OMAHA, Neb. (WOWT) - Inmates at the Douglas County Jailare locked up but still scaring those on the other side of the bars.
Inmates play basketball and peer at people passing by from the rooftop of the Douglas County Jail on Tuesday, April 16, 2019, in Omaha, Nebraska. Neighbors said the inmates will yell down at them and keep too close of an eye on what they're doing.
Starting Sunday, inmates were allowed out in the caged basketball court on top of the jail.
One woman said they're starting to frighten her family and the college-aged women next door. She wished to remain anonymous for her safety.
"Move it out the door baby," one inmate can be heard shouting in a cell phone video taken by neighbors.
"We were told they don't allow the inmates to use that property up there," the neighbor woman said.
She claims that's what County Corrections told her a year-and-a-half ago when she and her family moved into the neighborhood.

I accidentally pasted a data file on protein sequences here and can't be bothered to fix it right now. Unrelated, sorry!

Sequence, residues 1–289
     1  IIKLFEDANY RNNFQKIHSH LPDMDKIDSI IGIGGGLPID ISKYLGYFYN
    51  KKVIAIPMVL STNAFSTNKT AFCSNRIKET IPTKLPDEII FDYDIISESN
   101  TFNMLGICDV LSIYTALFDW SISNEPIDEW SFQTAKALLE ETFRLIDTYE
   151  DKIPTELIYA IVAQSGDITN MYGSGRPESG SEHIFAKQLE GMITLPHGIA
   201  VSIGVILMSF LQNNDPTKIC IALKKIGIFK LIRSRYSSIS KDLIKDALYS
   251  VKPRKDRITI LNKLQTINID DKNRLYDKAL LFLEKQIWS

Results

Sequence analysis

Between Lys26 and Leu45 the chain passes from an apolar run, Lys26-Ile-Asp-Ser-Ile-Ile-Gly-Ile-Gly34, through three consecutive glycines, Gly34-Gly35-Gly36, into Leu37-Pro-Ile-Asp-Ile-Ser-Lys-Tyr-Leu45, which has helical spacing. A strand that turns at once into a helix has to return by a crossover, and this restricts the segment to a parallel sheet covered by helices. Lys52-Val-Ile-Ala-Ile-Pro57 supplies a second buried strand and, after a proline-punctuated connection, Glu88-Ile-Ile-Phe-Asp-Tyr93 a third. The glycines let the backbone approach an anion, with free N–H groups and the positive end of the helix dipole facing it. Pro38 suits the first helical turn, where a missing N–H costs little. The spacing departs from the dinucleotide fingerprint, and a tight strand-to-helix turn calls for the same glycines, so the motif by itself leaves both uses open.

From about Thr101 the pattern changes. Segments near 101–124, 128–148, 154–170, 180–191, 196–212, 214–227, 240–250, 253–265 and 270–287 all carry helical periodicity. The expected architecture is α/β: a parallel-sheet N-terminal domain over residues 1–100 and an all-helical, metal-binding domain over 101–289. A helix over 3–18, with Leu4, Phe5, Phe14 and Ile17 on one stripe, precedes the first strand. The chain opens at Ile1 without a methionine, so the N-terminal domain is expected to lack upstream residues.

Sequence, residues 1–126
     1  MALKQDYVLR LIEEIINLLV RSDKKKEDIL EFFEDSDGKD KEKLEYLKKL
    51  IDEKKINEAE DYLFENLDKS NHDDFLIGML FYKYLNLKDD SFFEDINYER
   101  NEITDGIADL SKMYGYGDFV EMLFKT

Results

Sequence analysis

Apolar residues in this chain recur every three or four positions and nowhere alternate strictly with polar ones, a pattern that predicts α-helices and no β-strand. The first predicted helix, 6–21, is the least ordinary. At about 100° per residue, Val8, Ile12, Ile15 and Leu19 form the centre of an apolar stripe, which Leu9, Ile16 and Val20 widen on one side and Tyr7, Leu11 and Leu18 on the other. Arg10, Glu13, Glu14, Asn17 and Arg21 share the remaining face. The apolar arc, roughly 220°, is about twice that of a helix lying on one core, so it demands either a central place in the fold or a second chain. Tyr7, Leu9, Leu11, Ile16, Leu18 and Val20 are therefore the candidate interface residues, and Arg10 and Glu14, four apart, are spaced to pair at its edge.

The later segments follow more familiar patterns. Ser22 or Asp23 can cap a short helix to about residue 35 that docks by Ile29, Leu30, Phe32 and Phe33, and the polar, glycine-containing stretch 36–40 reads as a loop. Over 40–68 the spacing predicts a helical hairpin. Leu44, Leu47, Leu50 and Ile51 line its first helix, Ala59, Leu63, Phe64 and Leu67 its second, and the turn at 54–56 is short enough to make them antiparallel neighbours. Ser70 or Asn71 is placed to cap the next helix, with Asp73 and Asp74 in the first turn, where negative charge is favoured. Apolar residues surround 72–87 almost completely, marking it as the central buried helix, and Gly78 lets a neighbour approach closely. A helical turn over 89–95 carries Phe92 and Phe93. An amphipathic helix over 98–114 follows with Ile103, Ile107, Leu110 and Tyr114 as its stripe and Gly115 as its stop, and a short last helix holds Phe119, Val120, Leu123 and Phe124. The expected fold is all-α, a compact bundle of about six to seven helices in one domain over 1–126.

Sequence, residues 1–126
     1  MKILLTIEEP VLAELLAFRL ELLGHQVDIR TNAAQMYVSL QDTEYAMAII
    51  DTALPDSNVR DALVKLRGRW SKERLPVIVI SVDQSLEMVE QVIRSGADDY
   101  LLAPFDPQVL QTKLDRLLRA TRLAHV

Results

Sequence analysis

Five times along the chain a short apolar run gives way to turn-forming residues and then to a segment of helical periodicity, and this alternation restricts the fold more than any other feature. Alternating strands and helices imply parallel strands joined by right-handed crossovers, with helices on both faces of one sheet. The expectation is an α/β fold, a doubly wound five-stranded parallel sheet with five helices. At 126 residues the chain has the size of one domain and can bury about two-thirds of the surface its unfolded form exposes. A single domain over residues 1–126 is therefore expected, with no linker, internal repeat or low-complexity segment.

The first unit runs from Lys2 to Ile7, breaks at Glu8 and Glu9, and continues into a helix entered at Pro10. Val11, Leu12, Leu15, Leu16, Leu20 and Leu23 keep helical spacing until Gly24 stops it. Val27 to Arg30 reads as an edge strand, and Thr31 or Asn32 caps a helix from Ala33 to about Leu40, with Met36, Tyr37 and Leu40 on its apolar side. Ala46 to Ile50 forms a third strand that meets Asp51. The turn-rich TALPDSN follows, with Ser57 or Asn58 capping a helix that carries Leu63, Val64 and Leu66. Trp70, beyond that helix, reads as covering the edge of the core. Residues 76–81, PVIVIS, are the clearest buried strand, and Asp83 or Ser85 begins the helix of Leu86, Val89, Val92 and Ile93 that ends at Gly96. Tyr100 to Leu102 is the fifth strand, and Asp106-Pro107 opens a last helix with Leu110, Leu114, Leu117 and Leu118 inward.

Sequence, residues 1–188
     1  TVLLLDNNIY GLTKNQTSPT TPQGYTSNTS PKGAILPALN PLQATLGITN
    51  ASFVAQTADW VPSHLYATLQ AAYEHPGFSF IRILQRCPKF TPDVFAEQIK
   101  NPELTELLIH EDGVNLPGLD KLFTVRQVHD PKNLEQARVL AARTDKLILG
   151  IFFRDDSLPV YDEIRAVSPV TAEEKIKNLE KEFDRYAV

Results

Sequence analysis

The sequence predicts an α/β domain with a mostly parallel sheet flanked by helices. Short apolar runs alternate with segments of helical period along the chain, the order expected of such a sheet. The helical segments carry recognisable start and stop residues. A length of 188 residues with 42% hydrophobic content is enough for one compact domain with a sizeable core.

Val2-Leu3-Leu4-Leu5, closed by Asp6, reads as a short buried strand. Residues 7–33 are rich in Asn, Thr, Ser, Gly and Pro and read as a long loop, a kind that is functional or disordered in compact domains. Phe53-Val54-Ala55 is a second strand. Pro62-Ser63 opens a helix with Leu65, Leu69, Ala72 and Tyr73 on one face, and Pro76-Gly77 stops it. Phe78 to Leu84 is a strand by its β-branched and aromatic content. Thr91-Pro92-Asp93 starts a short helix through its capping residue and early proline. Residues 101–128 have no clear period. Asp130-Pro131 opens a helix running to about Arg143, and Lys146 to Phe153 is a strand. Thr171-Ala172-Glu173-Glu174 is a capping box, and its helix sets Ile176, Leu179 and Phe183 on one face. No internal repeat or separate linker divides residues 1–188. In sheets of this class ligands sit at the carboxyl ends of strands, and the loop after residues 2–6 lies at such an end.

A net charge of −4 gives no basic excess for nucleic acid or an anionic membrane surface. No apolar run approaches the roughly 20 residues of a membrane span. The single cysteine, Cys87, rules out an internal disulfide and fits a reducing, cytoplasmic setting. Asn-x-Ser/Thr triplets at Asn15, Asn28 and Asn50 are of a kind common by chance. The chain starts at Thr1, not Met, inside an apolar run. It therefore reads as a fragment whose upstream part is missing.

"They're very loud. It's noisy," she said.
Neighbors told 6 News that over the past couple of days inmates at the county jail have been let out on the fenced-in court to play basketball, or that's what they're supposed to be doing.
"They're clearly watching. They're not doing anything else but watching," the neighbor said.
Video shows the inmates yelling back-and-forth with drivers, lining the fence to peer through holes in the cage.
"I don't feel comfortable knowing that they can just look at me and know what I'm doing all the time," the woman said.
She said she returned home from a job to hear the inmates hollering and felt their gaze even after she walked inside her back door.
"I can't build a fence big enough to keep somebody from looking into our property that's above us," the woman said. "All day, every day, if the weather is nice, I'm going to have people looking into my windows."
The woman said she stays shut up in her home, trapped inside by the men who are locked up.
"I feel a little bit like a prisoner," she said.
Another area property owner said he hasn't seen the fenced-in court used in about 10 years.
A new corrections director was promoted last fall.